There is an amusing photograph of David Leach looking up from making one of his rounded ‘egg’ pots immediately after he has blown into it. Around his mouth is a ring of clay, in this case porcelain, forming an extra pair of lips. Whether he licked his lips to remove the clay, and hence swallowed it, or wiped his mouth clean is not known, but in the course of their lives potters must, accidentally, ‘eat’ quite a bit of clay. This is quite different from breathing in clay dust, which is not good. The question of whether consuming clay is beneficial has been around for many years. The medicinal qualities of kaolin – as hot poultices for easing boils or as a stomach calmer for jippy tummy – are well known, but there are serious clay eaters who advocate consuming clay for the wider health benefits. This is the topic of a fascinating article in the South African magazine National Ceramics by H Klump, emeritus professor of biochemistry. Quoting pacifist and vegetarian Mahatma Gandhi, who ‘advocated eating dirt to clean your body and relieve constipation’ the article discusses the value/relevance of eating clay.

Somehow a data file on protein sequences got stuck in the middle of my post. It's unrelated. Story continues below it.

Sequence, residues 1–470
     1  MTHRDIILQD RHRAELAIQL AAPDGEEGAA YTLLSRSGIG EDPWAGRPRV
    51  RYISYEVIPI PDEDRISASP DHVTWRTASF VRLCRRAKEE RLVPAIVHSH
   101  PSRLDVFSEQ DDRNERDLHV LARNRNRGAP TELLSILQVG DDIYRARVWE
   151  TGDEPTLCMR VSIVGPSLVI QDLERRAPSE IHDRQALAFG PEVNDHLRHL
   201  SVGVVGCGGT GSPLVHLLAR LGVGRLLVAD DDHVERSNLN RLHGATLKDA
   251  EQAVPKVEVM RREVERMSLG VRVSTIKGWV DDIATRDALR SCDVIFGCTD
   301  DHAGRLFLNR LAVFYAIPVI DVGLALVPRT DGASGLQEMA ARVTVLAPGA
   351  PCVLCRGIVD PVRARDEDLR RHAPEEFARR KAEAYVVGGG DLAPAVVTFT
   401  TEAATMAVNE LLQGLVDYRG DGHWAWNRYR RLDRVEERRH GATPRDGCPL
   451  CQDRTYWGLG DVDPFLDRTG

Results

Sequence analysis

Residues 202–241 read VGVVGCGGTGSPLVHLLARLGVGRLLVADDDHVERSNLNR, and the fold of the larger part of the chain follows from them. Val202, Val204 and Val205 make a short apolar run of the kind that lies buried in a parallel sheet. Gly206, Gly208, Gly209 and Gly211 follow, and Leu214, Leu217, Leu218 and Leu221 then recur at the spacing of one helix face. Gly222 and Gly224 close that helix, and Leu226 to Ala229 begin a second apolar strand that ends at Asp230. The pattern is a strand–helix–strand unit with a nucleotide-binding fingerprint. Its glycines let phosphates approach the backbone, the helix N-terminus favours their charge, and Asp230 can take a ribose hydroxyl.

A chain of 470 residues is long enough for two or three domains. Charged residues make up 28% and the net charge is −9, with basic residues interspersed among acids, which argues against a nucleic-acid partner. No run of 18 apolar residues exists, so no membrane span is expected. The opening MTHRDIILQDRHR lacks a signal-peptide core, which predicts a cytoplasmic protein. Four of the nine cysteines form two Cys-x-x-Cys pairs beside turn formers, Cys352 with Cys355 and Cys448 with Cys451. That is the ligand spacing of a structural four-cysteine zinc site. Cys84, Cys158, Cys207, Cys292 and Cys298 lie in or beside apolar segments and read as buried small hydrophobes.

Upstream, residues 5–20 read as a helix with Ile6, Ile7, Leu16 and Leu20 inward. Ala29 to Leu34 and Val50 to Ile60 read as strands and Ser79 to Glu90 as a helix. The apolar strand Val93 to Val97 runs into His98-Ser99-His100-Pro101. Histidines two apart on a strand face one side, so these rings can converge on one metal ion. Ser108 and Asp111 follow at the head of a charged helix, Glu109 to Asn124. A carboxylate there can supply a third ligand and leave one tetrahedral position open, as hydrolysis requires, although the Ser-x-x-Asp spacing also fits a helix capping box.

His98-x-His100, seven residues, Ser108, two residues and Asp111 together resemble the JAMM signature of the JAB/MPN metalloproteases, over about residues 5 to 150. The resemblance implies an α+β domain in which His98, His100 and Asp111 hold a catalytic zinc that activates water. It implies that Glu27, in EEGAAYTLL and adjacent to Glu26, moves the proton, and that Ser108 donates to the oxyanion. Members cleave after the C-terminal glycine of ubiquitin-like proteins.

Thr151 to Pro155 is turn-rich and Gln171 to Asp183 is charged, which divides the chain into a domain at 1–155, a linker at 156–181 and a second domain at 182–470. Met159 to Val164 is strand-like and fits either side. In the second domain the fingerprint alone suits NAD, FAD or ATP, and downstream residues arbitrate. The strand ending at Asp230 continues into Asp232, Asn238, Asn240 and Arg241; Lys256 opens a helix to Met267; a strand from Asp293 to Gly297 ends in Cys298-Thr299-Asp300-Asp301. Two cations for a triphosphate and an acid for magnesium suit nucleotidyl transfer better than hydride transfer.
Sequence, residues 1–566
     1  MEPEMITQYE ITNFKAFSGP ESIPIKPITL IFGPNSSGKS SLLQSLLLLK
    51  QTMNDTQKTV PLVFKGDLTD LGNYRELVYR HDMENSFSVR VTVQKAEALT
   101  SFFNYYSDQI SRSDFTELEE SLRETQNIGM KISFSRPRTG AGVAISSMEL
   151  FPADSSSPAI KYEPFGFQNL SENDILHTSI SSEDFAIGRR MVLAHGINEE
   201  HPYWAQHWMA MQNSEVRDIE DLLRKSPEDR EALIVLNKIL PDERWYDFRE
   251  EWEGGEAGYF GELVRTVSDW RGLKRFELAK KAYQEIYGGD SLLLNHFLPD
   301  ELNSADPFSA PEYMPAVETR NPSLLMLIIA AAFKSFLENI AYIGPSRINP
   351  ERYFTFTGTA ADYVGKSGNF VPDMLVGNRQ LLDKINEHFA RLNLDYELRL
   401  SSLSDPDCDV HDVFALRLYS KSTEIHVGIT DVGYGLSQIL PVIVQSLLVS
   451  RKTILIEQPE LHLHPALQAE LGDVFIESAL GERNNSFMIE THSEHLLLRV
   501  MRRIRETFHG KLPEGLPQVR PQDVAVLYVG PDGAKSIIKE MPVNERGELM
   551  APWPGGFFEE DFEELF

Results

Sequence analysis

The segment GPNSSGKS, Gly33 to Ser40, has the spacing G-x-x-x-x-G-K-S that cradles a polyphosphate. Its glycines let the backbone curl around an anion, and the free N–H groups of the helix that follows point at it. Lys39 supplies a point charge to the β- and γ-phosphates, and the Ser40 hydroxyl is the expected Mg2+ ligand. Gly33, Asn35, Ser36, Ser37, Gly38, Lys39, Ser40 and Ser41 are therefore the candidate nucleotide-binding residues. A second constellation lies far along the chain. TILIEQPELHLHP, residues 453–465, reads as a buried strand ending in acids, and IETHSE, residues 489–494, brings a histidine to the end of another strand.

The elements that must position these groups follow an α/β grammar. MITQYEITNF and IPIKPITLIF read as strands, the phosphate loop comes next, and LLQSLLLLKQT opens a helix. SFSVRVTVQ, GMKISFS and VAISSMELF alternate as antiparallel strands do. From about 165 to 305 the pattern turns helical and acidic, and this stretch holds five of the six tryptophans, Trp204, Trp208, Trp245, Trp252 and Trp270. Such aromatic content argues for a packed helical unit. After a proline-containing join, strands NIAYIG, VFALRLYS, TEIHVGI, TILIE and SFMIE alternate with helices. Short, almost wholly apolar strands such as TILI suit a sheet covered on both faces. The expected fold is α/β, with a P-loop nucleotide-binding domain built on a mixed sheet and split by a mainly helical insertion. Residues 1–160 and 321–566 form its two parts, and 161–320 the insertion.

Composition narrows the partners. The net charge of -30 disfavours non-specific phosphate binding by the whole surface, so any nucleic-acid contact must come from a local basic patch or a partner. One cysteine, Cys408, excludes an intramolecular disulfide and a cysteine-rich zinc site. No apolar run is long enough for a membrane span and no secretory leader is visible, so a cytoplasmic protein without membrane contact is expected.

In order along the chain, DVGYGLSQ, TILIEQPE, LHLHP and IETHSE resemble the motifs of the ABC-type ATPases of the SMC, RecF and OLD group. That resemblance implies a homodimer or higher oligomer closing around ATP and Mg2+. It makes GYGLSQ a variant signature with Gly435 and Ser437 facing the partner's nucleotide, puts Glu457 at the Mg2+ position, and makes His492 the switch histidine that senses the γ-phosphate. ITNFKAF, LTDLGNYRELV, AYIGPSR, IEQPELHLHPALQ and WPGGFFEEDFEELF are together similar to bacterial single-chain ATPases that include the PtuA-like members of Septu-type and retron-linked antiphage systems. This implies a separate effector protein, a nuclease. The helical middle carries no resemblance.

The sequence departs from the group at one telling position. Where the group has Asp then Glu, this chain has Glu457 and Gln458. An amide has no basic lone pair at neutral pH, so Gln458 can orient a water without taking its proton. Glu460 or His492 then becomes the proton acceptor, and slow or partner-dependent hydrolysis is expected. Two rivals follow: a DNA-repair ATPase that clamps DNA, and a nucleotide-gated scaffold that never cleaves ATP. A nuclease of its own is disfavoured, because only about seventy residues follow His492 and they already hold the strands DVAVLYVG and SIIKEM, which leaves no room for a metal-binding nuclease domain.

In a recent gardening programme, the experts were asked whether they would garden with gloves to protect their hands. All were adamant in expressing their belief that no gloves were required except for rough work, and all expressed their belief in the cleanliness of soil. After growing tomatoes in his greenhouse my grandfather used to sterilize the soil to kill off any possible infection, a process that may also have killed off anything useful to human consumption. There is a difference, of course, between clay and soil, the latter containing vast amounts of organic material. I doubt whether eating any old clay can be safely recommended, but despite the crankiness of the concept, maybe the answer does lie in the soil.